Amazon Archaeology

Most of the soil around the Amazon river is chalky and acidic — poor for farming.

That’s why archaeologists assumed no advanced civilizations arose in the Amazon basin before European colonization. But Brazilian farmers know of patches of thick, dark soil they call Terra Preta — or Black Earth. Here’s Jim Petersen is an archaeologist at the University of Vermont . . .

Jim Petersen: Analyses done on Terra Preta — or black earth soils — have shown that the native people may have been intentionally creating these. By taking vegetation from the numerous waterways or rivers in the Amazon and mulching, if you will, the soils to increase their organic content, thereby increasing their fertility.

Recent studies show that Terra Preta — which is often full of pottery shards — began appearing at least 2,500 years ago. Dr. Peterson thinks this soil might hold clues to an ancient advanced civilization.

Jim Petersen: So I think the Amazon is . . . an archaeological frontier in a very real sense.

Amazonia: Man & Culture in a Counterfeit Paradise

In 1971, anthropologist Betty Meggers published a book that came to dominate anthropological thinking about the Amazon rainforest. _Amazonia: Man & Culture in a Counterfeit Paradise_ suggested that there was nothing worth finding in the Amazon basin. The caricature of the argument says the rainforest’s notoriously poor soils could never accommodate the kind of agriculture that advanced civilizations require, so looking for the signs of lost cities and large, organized societies is a waste of time.

Anthropology holds that the standard mode of human survival in infertile tropical zones is one of slash & burn agriculture: Across Africa, New Gunea and the Amazon, small groups burn through the jungle to clear space for farming. They cultivate the ground for short periods of time, then move on after depleting the soil’s scarce nutrients. Scientists assumed this is how it was done in the Amazon for the past hundreds and thousands of years — that the land was inhabited only by small roving groups practicing slash-and-burn agriculture.

But recent analysis of the jungle’s rich Terra Preta, is changing that outlook. Soil scientists have found that the dark earth is bursting with organic matter that seems to have been introduced by intensive mulching and cultivation. The soil is rife with wood ash and charcoal, the remains of fish processing, and a large component that comes from a variety of marsh and aquatic plants — even in areas far above and away from rivers.

“There’s a very close correlation with archaeological sites of prior occupation and these soils,” said William Woods, a geographer at Southern Illinois University, Edwardsville. Woods has studied human-modified soils for more than 30 years. “It’s very clear that prior inhabitants changed them and pretty darn clear that they did it intentionally.”

Terra Preta seems to have been produced consistently until the arrival of Europeans in the 1500’s. Within a few hundred years, it covered an estimated 10 percent of the Amazon region.

University of Vermont archaeologist Jim Petersen, has excavated at some of the Terra Preta sites near the Amazon River. He says the people who made these soils were not just small groups. At one site, his team excavated two cubic meters of ground, and found the remains of more than 1,000 different ceramic vessels representing dozens of different forms. There were cups and multi-colored feasting bowls with effigies on them, large jars for holding manioc beer and griddles for frying manioc bread. Pottery remnants are so plentiful throughout the dark earth sites that Petersen estimates there may be over 1 million ceramic vessels in some of the larger sites — sites which are miles across.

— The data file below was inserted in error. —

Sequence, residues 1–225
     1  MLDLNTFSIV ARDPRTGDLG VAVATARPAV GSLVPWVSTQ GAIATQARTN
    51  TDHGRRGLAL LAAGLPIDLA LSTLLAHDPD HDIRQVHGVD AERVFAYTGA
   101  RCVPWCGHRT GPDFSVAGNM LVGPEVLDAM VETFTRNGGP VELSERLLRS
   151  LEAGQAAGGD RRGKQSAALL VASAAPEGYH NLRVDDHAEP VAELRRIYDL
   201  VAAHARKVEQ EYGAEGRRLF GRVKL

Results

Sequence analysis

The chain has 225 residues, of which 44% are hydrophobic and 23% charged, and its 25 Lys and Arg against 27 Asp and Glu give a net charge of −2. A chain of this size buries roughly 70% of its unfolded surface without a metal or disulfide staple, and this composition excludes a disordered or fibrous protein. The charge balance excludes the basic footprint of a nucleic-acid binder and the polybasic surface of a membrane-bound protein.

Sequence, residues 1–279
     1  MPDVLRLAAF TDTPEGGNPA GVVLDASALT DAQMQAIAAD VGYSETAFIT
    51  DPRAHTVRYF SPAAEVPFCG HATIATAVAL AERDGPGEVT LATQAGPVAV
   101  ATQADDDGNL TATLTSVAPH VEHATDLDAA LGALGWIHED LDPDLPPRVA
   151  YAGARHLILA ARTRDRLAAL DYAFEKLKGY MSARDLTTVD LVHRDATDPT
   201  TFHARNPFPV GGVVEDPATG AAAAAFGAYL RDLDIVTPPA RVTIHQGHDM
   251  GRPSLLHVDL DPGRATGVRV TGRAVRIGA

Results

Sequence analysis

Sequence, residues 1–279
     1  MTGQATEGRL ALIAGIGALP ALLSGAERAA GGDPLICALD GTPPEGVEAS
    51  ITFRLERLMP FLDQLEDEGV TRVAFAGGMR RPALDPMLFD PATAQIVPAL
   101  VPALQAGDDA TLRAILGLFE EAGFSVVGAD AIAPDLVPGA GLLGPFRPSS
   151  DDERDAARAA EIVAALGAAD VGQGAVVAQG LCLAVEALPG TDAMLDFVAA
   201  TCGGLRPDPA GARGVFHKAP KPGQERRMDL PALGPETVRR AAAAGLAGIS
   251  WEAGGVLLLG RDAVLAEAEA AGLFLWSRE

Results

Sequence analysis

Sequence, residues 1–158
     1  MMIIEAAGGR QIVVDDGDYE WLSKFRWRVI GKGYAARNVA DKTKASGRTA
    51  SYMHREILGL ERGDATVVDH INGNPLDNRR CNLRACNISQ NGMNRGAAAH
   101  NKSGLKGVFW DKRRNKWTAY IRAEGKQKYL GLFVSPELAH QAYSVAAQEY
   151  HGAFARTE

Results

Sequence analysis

Petersen predicts the counterfeit paradise paradigm may begin to wobble as a result of recent research into Terra preta sites. “We think that the Amer-Indians were larger, living for longer periods and more socially complex. Now with the Terra Preta research that’s ongoing, we may also find that they were more environmentally in tune, and that they were environmental managers and instead of being constrained by the environment, they were managing it to their benefit.”

Managing in a way that modern humans would love to learn

Petersen and a colleague first started interest in the dirt — noticing that it seemed to be correlated with sites of human habitation — in 1994. But it was localized. The realization that these sites are of a huge wide scale, and are bursting with ceramics, and the soil studies, the microbiology etc. that show mulching and advanced soil engineering were in the spring, summer and fall of 2002. The work is very current and ongoing. A lot of the “wow, this is bigger than we thought” stuff was the result of a big conference in Brazil this past summer [2002], the proceedings of which are being edited and set to be published next year.

I asked Jim Peterson to describe his upcoming work [in the summer of 2003] He replied: “Our Amazon archaeology work will resume next summer when a team from the University of Sao Paulo and my institution will return to the Manaus area, probably not until July, however. We will be using standard techniques when in the field next summer, BUT we are planning first on looking at a potentially really old Terra Preta site, much older than we have ever seen or even guessed at, perhaps even 9000 years old or older (on the basis of limited work done to date…).”

Peterson also says that a month of field work requires months of work in the lab to analyze. So he’s currently analyzing over three years worth of data he’s already collected.

See also “AGRICULTURE: The Real Dirt on Rainforest Fertility,” in Science August 9, 2002.

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